April 9, 2018

4 things that make a Great WHS Consultant

What differentiates a good WHS consultant from a great one? What skill-set can ensure that clients refer you to others? What does it take to get repeat work without having to seek it out?
What is good consulting?
Consulting is often defined as ‘giving advice’ but giving good advice well takes more than just having good advice to offer. In their book ‘The Trusted Advisor’ Maister, Green and Galford state:
“The key to professional success is not just technical mastery of one’s discipline (which is…essential), but also the ability to work with clients in such a way as to earn their trust and gain their confidence.”
There are many lists on the Internet regarding the ‘Top Eight’ or the ‘Top Ten’ that a consultant needs, (two of which are hyperlinked in this article), but from my experience in working in the industry with many different WHS consultants, I believe you only need four ingredients to become a great WHS Consultant which will ensure longevity in the profession:

The Top Four Skills of every Great WHS Consultant

1. Be Trustworthy
A great WHS Consultant should always show the greatest integrity, do whatever they say they will do, complete what they say they will complete and do it in the time they said they would. Building trust with a client takes time and to progress from ‘new friends’ to a depth of collegiate trust means getting those basics right. Be confident and professional in every respect but leave your ego at the door. This makes the client feel at ease, believing and trusting that you are interested in solving their problems. The founding principles of rapport-building, along with a good work ethic, will set you up forever for referrals and repeat business. A good start for any new consulting work is to listen to the client, (not tell them what you think they need), develop a draft of recommendations and review them with the client, then act on delivery with the end date being 2-3 weeks.
Then on to the next project! Some WHS projects may need more time, of course, but this is an excellent framework to build your WHS projects on, keeping chunks of work scheduled for feedback and/or delivery in 2-3 week cycles.
2. Be a People Person
If you prefer the company of your laptop or your new iPhone more than getting out and meeting new people, then it would be hard to consider becoming a WHS Consultant. Working with clients, working alongside new people, becoming their ‘expert WHS friend’ takes constant energy, drive and effort. This is made so much easier if you enjoy being with people in the first place – clients can always tell whether someone genuinely enjoys their company, and it makes for better business!
3. Be Persistent and Resilient
WHS Consultants aren’t hired when everything is rosy – it can be thankless work. Most likely you will encounter safety cultures with “tough nut” inhabitants who will not understand why you’ve been hired in the first place and who are resistant to change. Being able to persist even when the project seems doomed, being able to motivate the team and being able to assist the client in seeing the value of the end product which they have initiated is a skill. In the hard times, remember that we learn and grow so much from mistakes and when the going gets tough, the tough go cold calling! Now that builds resilience where no other experience can!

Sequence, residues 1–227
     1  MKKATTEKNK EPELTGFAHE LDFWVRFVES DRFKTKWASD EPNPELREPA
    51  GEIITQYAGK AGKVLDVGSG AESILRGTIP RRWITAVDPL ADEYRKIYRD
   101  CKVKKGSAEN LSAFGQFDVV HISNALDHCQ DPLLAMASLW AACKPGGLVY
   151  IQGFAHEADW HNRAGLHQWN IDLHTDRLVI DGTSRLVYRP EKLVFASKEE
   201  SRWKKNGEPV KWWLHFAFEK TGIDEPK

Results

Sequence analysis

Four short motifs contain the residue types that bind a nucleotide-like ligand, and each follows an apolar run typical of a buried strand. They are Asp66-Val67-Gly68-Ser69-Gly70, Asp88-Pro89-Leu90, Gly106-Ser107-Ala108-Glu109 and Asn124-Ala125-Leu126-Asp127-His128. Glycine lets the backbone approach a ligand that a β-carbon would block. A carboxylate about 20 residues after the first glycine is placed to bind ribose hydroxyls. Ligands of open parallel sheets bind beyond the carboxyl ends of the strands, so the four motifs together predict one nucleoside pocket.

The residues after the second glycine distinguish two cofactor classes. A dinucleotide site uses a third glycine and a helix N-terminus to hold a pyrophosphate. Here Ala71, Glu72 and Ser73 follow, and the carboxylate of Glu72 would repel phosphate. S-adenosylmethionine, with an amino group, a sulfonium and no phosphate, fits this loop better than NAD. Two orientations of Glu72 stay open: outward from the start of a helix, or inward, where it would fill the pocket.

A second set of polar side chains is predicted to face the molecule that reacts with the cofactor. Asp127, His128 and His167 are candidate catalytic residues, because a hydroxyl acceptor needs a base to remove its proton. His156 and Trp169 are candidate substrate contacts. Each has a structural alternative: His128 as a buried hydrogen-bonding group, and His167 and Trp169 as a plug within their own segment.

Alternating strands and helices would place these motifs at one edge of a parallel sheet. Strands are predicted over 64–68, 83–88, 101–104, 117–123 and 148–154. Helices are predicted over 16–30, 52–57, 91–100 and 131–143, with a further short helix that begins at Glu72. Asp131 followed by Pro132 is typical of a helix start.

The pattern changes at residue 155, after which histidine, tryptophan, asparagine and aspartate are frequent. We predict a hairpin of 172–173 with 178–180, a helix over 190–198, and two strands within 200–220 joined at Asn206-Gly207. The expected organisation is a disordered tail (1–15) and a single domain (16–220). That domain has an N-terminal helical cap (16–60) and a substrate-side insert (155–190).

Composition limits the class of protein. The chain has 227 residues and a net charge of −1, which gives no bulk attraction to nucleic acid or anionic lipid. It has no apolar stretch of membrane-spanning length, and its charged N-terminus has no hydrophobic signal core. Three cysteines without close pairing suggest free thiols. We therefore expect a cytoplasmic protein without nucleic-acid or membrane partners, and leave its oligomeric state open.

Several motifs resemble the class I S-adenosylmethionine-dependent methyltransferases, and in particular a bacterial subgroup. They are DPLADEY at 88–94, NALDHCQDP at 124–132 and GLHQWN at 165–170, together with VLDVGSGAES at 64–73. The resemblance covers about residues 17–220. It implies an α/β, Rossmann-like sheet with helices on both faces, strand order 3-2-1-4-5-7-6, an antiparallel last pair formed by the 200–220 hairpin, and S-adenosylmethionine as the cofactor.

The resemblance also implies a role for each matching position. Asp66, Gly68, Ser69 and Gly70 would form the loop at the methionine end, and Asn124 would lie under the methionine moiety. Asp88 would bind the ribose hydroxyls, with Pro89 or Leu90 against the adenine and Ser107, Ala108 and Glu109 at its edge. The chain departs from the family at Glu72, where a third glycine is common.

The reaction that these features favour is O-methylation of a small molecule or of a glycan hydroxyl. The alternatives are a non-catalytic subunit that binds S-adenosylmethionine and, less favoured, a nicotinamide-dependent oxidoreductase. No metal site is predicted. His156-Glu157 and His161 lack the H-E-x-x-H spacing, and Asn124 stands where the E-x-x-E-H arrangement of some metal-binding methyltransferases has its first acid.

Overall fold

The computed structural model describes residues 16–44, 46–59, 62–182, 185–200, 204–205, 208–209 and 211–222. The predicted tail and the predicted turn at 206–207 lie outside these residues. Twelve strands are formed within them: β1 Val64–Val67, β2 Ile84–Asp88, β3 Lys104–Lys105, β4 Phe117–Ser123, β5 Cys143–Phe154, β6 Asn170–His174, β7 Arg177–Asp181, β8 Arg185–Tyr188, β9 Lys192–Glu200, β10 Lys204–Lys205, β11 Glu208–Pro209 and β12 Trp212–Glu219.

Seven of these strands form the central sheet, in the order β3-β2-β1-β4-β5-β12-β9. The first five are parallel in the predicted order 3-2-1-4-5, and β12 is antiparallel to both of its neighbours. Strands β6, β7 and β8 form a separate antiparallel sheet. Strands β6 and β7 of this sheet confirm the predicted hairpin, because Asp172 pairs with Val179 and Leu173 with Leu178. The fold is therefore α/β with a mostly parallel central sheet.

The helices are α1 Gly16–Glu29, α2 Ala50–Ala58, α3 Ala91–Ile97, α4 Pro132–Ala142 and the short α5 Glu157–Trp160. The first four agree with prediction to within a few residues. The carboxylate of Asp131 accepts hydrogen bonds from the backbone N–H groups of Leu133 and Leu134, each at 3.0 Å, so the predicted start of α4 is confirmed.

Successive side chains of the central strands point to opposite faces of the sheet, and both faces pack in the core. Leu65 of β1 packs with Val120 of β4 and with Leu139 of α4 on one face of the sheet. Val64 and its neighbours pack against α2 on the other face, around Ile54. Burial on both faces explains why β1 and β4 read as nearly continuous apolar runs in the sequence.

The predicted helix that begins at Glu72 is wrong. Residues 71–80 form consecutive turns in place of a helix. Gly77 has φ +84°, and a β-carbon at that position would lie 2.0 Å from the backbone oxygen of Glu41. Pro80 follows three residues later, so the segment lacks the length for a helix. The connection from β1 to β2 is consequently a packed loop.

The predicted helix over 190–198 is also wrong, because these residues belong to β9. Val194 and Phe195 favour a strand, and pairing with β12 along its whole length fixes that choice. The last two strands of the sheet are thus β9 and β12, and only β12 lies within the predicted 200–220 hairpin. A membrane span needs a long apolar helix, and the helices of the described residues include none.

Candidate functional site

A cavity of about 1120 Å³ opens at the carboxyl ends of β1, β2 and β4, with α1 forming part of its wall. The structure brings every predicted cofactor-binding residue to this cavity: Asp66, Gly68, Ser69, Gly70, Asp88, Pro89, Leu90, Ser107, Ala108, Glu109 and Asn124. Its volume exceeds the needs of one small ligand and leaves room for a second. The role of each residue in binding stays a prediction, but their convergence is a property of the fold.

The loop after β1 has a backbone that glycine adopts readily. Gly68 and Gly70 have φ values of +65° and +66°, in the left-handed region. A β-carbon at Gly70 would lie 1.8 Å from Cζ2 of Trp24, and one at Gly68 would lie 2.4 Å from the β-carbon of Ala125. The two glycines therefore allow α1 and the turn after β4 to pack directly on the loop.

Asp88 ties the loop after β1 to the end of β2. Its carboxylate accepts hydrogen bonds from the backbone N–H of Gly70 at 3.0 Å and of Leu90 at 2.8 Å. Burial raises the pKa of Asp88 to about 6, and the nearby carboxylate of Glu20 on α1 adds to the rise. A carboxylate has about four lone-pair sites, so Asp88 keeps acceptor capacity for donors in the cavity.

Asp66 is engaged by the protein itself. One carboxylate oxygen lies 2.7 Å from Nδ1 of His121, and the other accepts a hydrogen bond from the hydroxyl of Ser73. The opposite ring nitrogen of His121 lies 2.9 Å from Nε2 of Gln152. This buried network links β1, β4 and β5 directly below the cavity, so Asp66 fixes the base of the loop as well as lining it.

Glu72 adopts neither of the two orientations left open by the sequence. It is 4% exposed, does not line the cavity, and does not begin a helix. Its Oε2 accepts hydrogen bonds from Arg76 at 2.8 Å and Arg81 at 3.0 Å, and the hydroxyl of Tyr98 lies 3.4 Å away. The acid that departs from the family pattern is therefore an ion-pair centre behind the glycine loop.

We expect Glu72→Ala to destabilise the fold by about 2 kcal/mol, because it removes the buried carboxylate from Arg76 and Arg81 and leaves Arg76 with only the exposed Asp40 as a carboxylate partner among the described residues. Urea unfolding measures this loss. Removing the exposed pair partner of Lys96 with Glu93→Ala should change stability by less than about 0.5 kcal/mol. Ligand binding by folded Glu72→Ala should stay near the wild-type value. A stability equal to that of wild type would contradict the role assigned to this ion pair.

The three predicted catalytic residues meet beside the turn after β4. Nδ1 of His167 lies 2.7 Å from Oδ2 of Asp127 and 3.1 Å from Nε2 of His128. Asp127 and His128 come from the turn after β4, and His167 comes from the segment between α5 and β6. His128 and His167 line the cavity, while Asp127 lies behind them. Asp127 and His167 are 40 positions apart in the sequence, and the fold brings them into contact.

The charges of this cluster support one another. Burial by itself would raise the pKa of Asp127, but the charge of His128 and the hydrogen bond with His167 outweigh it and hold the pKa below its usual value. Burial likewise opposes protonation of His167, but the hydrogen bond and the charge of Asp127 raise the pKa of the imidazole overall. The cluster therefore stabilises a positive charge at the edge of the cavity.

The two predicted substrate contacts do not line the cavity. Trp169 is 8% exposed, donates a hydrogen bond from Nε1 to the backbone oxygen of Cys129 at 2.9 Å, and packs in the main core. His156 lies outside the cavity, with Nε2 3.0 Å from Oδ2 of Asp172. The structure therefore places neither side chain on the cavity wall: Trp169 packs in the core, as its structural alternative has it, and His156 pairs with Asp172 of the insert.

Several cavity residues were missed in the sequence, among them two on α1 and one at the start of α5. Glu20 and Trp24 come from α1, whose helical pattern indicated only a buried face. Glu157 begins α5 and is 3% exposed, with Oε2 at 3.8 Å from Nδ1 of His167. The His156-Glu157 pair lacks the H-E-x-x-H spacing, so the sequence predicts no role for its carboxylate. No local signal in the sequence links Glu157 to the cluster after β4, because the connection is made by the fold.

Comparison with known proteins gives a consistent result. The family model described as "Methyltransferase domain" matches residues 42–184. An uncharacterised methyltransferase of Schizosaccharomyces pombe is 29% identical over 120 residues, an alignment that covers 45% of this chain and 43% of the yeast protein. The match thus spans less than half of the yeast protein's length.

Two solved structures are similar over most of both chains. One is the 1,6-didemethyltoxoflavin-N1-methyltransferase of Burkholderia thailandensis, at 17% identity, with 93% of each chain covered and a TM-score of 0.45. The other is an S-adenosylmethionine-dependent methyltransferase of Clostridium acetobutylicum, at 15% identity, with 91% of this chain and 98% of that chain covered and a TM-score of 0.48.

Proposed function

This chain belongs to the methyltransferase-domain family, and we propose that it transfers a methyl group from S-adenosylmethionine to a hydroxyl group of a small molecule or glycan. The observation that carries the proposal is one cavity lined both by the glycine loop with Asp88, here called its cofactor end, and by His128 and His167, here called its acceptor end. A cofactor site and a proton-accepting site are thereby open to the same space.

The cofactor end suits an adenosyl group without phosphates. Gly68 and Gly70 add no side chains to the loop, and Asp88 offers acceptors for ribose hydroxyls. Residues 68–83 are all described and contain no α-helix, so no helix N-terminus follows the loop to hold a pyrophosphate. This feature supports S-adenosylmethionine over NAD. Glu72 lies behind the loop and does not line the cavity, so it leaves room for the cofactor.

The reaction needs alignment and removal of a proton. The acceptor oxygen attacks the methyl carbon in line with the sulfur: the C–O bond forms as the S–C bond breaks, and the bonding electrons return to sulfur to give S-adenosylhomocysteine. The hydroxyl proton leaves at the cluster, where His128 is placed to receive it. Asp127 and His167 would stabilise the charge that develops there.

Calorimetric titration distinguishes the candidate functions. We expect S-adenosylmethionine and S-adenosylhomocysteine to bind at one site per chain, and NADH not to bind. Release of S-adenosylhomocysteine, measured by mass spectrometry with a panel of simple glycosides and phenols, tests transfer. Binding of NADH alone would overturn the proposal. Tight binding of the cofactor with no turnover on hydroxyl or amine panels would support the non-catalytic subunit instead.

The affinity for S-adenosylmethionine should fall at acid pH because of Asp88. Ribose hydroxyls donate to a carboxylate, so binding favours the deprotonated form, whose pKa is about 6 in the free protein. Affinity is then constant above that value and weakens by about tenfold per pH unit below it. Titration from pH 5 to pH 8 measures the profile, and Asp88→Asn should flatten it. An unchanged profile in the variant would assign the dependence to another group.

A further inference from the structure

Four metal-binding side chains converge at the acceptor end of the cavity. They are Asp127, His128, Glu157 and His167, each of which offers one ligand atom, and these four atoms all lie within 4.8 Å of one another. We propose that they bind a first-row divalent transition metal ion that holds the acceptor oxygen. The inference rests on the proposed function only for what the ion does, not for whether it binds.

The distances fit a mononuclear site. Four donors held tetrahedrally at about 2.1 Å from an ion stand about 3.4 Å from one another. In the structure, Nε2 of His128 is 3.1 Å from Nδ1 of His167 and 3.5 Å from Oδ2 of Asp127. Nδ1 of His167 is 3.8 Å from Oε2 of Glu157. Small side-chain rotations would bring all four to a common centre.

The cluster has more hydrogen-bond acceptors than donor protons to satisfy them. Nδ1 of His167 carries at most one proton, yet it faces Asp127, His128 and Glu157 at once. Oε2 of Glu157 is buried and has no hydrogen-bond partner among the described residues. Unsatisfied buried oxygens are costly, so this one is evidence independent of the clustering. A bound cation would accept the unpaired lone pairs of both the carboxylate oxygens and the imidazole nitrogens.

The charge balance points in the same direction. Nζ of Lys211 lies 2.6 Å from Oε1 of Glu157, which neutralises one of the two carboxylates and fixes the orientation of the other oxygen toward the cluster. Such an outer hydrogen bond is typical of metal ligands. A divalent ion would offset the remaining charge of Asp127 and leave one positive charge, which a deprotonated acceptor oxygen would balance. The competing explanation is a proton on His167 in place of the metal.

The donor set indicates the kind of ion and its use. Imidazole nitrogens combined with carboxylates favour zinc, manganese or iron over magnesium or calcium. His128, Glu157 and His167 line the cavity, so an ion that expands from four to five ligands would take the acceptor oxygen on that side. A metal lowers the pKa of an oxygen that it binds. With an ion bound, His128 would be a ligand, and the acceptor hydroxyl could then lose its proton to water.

4. Know Your Content
Great consultants in any field are experts in their trade and they should never stop learning. It is a given that consultants should have several years of experience in their chosen field (ten or more years as a rule of thumb), along with practical and in-depth knowledge of their subject matter. In Work Health and Safety, that means knowing the WHS Legislation, the Regulations and the Codes of Practice for the states, territories and countries the consultant will be working in. A university degree in WHS, Health (such as Occupational Hygiene or Ergonomics) or Risk are widely recommended. Having a wealth of experience as a WHS professional, along with solid IT and technical skills, are very important capabilities for dealing with multi-faceted clients and businesses as it means that the WHS Consultant has more to offer the client. A tertiary qualification in another professional field, such as Project Management, could also stand you in good stead, particularly at executive level.
For more reading on what makes a Top Consultant in WHS, I would definitely recommend ‘The Trusted Advisor’ by David Maister, Charles Green, and Robert M. Galford. This book, which I’ve mentioned earlier, was recommended to me by one of the best WHS Consultants in the business. I have read it so often and highlighted it and dog-eared it so much that it is falling apart. It is the ‘must have’ book for every WHS Consultant who not only wants to be good at their profession, but great!
Let me know what your thoughts are, by sharing this article!

Gaynor Renz, WHSE Compliance and Risk Expert, WorkPac/BHP

Gaynor has a strong background in WHS, Risk and Compliance, with many years in mining, construction, fabrication and utilities (electricity) and prior to that, a solid background in compliance and leadership positions in the education and training sector. She has a Bachelor’s degree in Education, Diploma in Work Health and Safety, Cert IV in WHS and Training and Assessment and a Graduate Diploma in Social Psychology of Risk (SPoR) completed with Dr Rob Long in Canberra. She continues to study SPoR in Master Classes held by the Centre for Leadership and Learning and Risk (CLLR). Currently she is working in multi-million dollar mining projects as a WHS and Risk Consultant.

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